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Hierarchical models in the brain.

Friston K - PLoS Comput. Biol. (2008)

Bottom Line: This means that a single model and optimisation scheme can be used to invert a wide range of models.We present the model and a brief review of its inversion to disclose the relationships among, apparently, diverse generative models of empirical data.We then show that this inversion can be formulated as a simple neural network and may provide a useful metaphor for inference and learning in the brain.

View Article: PubMed Central - PubMed

Affiliation: The Wellcome Trust Centre of Neuroimaging, University College London, London, United Kingdom. k.friston@fil.ion.ucl.ac.uk

ABSTRACT
This paper describes a general model that subsumes many parametric models for continuous data. The model comprises hidden layers of state-space or dynamic causal models, arranged so that the output of one provides input to another. The ensuing hierarchy furnishes a model for many types of data, of arbitrary complexity. Special cases range from the general linear model for static data to generalised convolution models, with system noise, for nonlinear time-series analysis. Crucially, all of these models can be inverted using exactly the same scheme, namely, dynamic expectation maximization. This means that a single model and optimisation scheme can be used to invert a wide range of models. We present the model and a brief review of its inversion to disclose the relationships among, apparently, diverse generative models of empirical data. We then show that this inversion can be formulated as a simple neural network and may provide a useful metaphor for inference and learning in the brain.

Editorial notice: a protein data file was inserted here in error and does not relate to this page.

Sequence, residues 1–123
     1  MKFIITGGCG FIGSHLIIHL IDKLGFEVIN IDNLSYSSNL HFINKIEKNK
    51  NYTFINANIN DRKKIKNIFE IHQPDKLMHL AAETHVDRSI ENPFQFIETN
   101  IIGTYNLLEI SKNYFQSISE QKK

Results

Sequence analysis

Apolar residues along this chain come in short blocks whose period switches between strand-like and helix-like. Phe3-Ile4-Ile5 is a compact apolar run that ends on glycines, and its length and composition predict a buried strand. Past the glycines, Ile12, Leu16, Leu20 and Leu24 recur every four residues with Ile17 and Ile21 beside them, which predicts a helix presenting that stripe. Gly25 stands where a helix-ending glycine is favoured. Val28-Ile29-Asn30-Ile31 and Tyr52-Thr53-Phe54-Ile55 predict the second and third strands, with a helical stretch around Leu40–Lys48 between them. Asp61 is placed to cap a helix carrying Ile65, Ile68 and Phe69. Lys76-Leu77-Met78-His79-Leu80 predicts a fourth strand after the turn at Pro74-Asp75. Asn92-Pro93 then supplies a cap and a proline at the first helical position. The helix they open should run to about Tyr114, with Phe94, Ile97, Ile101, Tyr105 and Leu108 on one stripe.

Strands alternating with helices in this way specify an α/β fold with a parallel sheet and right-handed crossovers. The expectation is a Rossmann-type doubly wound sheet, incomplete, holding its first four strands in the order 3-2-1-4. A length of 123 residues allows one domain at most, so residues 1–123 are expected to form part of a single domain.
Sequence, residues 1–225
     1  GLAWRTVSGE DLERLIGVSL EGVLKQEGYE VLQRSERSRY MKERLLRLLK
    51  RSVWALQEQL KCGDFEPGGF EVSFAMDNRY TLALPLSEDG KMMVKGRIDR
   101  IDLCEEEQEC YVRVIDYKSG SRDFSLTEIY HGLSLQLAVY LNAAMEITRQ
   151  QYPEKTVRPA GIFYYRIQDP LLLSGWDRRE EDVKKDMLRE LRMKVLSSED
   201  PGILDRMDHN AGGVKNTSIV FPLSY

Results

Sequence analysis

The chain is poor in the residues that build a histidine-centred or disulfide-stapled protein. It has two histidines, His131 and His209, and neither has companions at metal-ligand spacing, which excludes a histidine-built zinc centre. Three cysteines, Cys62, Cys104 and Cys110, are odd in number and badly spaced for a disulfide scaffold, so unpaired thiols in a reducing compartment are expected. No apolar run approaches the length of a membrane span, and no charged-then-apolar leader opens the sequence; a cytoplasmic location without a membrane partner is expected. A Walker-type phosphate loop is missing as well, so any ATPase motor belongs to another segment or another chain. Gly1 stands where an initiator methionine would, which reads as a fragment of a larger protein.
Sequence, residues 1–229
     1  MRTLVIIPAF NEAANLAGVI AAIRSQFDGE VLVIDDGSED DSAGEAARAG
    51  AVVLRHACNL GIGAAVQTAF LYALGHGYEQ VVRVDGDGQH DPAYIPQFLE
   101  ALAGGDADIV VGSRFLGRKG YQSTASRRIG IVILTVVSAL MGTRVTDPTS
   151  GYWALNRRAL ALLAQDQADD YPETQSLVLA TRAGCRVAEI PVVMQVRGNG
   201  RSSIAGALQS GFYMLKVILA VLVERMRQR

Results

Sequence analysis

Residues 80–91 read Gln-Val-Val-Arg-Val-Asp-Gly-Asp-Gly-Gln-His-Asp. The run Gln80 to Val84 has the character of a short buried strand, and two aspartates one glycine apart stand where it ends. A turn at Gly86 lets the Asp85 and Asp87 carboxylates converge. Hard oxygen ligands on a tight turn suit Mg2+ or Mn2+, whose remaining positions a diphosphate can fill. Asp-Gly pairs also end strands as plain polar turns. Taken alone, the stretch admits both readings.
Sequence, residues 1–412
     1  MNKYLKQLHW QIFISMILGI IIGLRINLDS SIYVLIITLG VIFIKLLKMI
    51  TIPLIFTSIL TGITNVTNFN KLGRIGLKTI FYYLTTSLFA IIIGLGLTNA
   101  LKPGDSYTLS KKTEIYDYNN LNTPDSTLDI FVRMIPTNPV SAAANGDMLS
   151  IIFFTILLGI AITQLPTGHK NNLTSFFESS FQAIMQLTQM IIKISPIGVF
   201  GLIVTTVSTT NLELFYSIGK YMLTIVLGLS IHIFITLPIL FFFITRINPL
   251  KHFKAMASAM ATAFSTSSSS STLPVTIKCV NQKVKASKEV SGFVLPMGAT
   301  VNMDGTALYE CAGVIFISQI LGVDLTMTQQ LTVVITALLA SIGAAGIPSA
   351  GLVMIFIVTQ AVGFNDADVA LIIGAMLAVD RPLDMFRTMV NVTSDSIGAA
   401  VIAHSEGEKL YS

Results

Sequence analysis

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Ontology of models starting with a simple general linear modelwith two levels (the PCA model).This ontology is one of many that could be constructed and is basedon the fact that hierarchical dynamic models have several attributesthat can be combined to create an infinite number of models; some ofwhich are shown in the figure. These attributes include; (i) thenumber of levels or depth; (ii) for each level, linear or nonlinearoutput functions; (iii) with or without random fluctuations; (iii)static or dynamic (iv), for dynamic levels, linear or nonlinearequations of motion; (v) with or without state noise and, finally,(vi) with or without generalised coordinates.
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pcbi-1000211-g007: Ontology of models starting with a simple general linear modelwith two levels (the PCA model).This ontology is one of many that could be constructed and is basedon the fact that hierarchical dynamic models have several attributesthat can be combined to create an infinite number of models; some ofwhich are shown in the figure. These attributes include; (i) thenumber of levels or depth; (ii) for each level, linear or nonlinearoutput functions; (iii) with or without random fluctuations; (iii)static or dynamic (iv), for dynamic levels, linear or nonlinearequations of motion; (v) with or without state noise and, finally,(vi) with or without generalised coordinates.

Mentions: This section has tried to show that the HDM encompasses many standard staticand dynamic observation models. It is further evident than many of thesemodels could be extended easily within the hierarchical framework. Figure 7 illustrates thisby providing a ontology of models that rests on the various constraintsunder which HDMs are specified. This partial list suggests that only aproportion of potential models have been covered in this section.